By Molly Johnson, Pure Life Field Guide
A few weeks ago, I was deeply immersed in one of my longest stretches of bad mood in recent memory. What seemed at the time to be an overwhelming amount of stressful and irritating factors had all arisen at once to result in a feeling of being flushed into a downward spiral of self-pity, insecurity, and resentment. Yuck.
Though I have plenty of advice to give out to students who face similar problems at Pure Life, I could not get myself out of this particular funk. At least, not until I adventured with some friends to the top of a mountain.
It was a rather grueling mountain hike that leads up to an amazing pool in the jungle with a terrifying cliff jump.* In all rationality, from the top of the cliff to the water is probably no more than 25 feet. To me, however, standing at the top of the cliff, the jump looked to be at least 50 feet and I imagined that hitting the water at the bottom would definitely feel like falling onto solid concrete.
I watched fearfully and enviously as my friends skipped one-by-one to the edge of the cliff and gracefully floated down into the water. They made it look easy, but as I looked over the edge of the cliff calculating the amount of free-fall between me and the water I was almost positive I couldn’t do it. Still, part of me wanted to try.
Over the next hour, I crept slowly out to the ledge and then scuttled back to safety probably 15 times. I talked myself into jumping and talked myself back out of it. I worked myself up into a near-hysteria and then was calmed back down by my patient and supportive friends. One friend gave me her necklace for bravery, and another gave me a warrior princess hairstyle, and yet I still did not feel courageous.
Toward the end of that hour of standing and deliberating at the top of the jump, my friend asked me, “Why do you want to do this?” I responded, “To conquer something.”
But what exactly I wanted to conquer, I wasn’t sure. In my head, I was battling the obvious anxiety and fear of making the leap, but on a deeper level I was also wrestling with all the self-doubt and uncertainty that I had been beating myself up with for the past few weeks.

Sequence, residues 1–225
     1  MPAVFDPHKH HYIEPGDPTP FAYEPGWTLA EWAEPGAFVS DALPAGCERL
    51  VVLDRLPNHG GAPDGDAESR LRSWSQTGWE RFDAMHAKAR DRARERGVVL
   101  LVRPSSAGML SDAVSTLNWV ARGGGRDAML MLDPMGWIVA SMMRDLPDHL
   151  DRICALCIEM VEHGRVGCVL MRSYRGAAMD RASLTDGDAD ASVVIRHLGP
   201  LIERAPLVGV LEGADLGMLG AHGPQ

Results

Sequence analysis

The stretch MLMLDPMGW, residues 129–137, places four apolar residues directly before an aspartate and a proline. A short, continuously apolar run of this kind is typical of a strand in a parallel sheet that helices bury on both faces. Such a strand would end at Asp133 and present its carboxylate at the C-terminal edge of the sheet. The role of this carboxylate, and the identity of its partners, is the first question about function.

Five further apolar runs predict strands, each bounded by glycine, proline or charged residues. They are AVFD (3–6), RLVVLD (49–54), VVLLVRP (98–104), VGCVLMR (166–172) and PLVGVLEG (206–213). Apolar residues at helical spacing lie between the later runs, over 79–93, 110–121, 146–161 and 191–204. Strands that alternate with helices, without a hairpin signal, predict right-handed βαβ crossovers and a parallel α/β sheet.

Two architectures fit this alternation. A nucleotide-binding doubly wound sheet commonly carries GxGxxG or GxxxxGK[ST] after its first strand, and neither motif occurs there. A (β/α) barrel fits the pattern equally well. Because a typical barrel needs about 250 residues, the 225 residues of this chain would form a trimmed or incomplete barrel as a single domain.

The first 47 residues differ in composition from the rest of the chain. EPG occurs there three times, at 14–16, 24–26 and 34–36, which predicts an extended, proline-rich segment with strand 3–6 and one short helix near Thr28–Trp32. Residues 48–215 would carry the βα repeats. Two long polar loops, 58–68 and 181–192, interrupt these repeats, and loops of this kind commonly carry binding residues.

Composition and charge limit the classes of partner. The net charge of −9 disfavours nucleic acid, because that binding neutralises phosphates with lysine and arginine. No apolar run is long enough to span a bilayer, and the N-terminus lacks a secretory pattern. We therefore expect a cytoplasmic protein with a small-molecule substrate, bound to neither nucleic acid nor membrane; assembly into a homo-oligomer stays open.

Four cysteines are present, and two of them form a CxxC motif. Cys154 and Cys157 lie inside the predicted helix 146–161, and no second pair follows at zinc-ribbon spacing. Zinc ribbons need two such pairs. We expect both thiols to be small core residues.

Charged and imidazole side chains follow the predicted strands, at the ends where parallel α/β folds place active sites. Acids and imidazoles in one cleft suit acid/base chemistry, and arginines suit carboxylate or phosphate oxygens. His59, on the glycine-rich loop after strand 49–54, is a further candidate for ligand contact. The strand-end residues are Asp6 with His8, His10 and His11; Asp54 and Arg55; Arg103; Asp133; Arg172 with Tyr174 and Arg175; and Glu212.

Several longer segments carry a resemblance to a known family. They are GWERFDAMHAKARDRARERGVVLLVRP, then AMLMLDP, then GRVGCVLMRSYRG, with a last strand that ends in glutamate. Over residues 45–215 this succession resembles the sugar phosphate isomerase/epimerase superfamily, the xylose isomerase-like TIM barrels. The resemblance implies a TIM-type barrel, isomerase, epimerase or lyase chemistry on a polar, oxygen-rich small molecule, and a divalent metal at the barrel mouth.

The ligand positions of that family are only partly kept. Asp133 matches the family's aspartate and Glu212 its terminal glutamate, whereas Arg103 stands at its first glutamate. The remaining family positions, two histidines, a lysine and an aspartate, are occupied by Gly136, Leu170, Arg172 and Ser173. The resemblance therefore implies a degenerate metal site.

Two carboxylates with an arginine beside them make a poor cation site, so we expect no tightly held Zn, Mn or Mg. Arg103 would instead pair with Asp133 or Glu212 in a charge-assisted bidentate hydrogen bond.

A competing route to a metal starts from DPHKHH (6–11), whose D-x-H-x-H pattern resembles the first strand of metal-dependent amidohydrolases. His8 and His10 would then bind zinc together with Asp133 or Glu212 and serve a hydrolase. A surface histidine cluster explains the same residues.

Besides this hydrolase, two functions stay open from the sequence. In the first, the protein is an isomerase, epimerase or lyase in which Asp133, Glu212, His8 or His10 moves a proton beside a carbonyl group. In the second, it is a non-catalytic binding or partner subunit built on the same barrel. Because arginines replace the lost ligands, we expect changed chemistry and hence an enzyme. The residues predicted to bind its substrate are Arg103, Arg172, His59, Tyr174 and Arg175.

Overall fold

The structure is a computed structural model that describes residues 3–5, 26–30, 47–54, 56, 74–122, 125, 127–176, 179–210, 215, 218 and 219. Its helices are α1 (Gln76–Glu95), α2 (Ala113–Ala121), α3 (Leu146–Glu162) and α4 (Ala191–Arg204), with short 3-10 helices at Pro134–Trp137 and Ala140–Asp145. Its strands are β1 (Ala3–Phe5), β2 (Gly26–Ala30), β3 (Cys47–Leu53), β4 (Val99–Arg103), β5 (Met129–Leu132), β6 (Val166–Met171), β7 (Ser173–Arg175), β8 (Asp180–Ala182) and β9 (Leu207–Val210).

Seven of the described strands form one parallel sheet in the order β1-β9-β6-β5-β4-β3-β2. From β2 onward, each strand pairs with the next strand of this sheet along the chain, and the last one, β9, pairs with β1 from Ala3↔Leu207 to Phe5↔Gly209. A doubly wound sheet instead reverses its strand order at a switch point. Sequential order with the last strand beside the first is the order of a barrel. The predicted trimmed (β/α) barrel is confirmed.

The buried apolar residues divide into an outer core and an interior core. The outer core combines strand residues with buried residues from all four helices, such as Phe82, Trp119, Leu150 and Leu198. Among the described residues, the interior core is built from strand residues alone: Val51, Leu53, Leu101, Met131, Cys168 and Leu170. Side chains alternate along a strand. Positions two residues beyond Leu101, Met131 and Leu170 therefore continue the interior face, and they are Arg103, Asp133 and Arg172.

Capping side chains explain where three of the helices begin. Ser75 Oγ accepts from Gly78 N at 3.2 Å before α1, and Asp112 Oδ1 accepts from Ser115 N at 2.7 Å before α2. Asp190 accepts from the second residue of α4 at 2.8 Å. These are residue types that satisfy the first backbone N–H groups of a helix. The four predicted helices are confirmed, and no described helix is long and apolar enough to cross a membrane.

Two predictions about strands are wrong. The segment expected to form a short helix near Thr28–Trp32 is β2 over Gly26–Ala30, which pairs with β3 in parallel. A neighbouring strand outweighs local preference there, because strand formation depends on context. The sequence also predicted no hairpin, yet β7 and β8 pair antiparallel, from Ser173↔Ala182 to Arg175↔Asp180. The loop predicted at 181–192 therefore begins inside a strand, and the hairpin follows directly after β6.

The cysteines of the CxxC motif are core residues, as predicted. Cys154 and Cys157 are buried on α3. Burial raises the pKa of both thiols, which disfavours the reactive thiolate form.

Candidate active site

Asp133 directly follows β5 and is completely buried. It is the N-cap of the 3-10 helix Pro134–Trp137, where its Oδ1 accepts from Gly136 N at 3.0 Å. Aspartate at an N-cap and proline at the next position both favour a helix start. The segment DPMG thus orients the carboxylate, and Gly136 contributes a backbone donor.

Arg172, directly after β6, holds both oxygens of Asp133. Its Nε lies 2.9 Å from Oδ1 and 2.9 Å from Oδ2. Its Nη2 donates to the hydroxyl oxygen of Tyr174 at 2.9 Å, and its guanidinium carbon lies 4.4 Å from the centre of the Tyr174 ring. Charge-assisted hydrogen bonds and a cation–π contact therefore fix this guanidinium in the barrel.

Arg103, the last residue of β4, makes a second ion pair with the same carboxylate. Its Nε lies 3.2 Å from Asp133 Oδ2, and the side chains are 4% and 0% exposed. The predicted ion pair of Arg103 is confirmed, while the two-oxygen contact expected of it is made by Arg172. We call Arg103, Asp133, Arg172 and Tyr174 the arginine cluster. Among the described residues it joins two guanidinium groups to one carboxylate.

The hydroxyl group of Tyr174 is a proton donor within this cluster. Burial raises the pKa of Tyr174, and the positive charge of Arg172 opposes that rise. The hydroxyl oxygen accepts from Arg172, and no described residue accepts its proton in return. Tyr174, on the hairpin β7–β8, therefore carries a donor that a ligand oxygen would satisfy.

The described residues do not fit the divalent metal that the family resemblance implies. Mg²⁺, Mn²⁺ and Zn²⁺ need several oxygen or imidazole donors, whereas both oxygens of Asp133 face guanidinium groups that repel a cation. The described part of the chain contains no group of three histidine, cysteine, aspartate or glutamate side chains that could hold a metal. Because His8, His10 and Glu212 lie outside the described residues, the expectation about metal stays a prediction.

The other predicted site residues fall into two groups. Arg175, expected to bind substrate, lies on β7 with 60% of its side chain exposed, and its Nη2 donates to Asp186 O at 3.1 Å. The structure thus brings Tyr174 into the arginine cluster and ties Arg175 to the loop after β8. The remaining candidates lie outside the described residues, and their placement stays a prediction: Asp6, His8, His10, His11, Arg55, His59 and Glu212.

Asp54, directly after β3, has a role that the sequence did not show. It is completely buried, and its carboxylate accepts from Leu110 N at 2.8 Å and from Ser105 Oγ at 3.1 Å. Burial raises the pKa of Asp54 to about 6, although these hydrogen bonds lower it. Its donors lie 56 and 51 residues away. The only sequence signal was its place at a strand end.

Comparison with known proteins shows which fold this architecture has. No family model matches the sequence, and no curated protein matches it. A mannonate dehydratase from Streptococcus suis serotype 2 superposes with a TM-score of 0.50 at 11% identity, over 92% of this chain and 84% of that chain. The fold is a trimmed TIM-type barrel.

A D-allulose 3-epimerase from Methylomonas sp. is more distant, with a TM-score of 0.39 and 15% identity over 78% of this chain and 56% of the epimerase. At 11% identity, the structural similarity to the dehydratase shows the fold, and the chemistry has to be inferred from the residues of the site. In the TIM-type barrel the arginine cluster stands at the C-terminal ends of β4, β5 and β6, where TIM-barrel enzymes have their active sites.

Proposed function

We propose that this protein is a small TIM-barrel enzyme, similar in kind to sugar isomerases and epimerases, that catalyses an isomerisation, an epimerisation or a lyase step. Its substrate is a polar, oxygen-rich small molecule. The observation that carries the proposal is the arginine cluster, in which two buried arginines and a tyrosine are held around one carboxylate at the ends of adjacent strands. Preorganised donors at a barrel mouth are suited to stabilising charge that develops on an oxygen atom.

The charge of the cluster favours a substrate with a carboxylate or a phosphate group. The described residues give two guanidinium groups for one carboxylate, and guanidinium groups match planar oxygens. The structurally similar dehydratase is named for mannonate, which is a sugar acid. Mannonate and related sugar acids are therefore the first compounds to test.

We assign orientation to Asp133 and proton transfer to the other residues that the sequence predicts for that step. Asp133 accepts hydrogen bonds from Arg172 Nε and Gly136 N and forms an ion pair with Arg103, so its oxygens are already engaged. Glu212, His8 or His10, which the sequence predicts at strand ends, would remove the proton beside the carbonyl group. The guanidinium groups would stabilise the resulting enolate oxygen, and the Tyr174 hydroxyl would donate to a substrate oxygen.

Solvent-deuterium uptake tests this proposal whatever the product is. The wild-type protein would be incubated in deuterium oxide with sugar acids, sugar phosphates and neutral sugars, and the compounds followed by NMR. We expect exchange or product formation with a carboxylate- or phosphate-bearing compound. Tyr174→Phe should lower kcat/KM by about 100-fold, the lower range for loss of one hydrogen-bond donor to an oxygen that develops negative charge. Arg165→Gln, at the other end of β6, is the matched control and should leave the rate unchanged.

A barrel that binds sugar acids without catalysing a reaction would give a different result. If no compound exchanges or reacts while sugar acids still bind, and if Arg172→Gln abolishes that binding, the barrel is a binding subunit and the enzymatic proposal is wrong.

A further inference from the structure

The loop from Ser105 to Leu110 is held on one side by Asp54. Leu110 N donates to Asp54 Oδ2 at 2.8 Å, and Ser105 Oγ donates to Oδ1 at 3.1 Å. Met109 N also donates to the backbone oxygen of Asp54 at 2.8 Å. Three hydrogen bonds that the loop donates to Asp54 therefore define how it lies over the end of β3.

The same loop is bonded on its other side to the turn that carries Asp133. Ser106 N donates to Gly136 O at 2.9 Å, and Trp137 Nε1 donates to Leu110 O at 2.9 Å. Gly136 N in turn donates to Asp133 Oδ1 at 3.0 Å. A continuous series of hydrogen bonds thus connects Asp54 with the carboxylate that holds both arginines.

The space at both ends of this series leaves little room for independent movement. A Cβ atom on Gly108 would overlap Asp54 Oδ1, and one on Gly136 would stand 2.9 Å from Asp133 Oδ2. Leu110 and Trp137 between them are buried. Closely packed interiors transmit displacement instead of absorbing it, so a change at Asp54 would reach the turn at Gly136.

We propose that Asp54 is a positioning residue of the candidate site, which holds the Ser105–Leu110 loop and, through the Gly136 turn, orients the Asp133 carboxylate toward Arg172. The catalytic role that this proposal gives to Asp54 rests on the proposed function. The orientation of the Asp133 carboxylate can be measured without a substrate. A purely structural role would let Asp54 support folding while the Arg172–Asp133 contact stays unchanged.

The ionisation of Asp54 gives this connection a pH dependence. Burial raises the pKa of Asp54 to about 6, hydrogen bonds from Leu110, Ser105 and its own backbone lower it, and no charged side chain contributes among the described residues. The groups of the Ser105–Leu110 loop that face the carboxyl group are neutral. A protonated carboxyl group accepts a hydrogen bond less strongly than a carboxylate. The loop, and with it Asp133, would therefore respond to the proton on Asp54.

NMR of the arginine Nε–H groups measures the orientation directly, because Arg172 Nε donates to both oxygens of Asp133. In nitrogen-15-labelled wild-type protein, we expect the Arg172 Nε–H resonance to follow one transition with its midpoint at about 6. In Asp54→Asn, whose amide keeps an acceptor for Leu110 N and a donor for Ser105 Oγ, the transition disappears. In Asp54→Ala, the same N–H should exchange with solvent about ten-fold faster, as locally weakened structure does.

Finally, I found myself standing at the edge of the cliff gripping one friend’s hand on the left and another friend’s hand on the right. I was as nervous as ever, but when I heard my friend’s voice count, “One… Two… Three!” I jumped.
I remember feeling surprised that I had actually made my feet leave the ground as I fell toward the water. When I reached the pool, the water was nowhere near as solid as I had expected, nor did I plummet straight to the bottom and get stuck there as I had briefly considered while standing at the top. I came up to the surface laughing and smiling euphorically as my friends celebrated my success.
And then suddenly, unexpectedly, the euphoria wore off and the intense emotions of the last hour and of the entire extent of my bad mood all came to the surface. So I plopped myself down by the side of the water and cried a good cathartic cry. As I sat there tearfully reflecting on my jumping experience, I realized something profound had happened to me.
While I was submerged under the water, I had had a moment of complete clarity. For just one moment, I was able to recognize who I really am, separate from the angry little voice in my head that had slowly and steadily dragged me down into my bad mood. For the first time in a long time, I did not see the need to identify as insecure, anxious, or lacking. For one small moment, I was free from those negative thoughts, and I could call them out for what they were. This adventure was one of the most pivotal moments of my life so far.
After having gone through the process of deliberating, jumping, surviving the jump, feeling happy and proud, and then feeling emotionally overwhelmed, I was finally able to look up and take in the beautiful jungle around me. I walked down to the end of the pool and saw where all the water empties into the canyon below it. I felt a particularly strong sense of appreciation and camaraderie with the elements, the wilderness, the rawness of my environment.
Reflecting on that day in the following weeks, I realized that finding the type of experience like the one I had at the cliff was exactly why I came to Costa Rica in the first place. I came to push myself, to grow, to do new things, to do them with the support of my friends, and while I do those things, to be taught and amazed by the nature around me.
I was reminded that these are exactly the types of moments that we provide for all of the students participating in Adventure Therapy at Pure Life. Through our daily activities, we’re trying to provide an atmosphere where students are faced with discomfort in hope that that they can rise to the challenge and overcome it. So even if it’s just for a second, they can find a space where they can shake off the pressure and labels that they put on themselves in the past and prove to themselves that they are capable, they are brave, they are strong, and they deserve to treat themselves with kindness.
It seems almost ridiculous to say that a total re-wiring of one’s thought patterns can take place just by going on a hike, rafting down a river, or jumping off a cliff, but I’ve seen it happen and now I’ve experienced it for myself. I’m a believer.
*Please note that this story is our guide’s personal experience outside of work. Pure Life students are not permitted to cliff jump. It is our hope however, that this story helps explain how challenge can create permanent change in all of us.
Thoughts From the Field is a blog written entirely by Pure Life Field Guides. Through their knowledge, wisdom, and passion, our talented guide team forms the backbone of our program as they work tirelessly to help our students. We hope you learn as much from them as we do. They are truly amazing and inspiring people.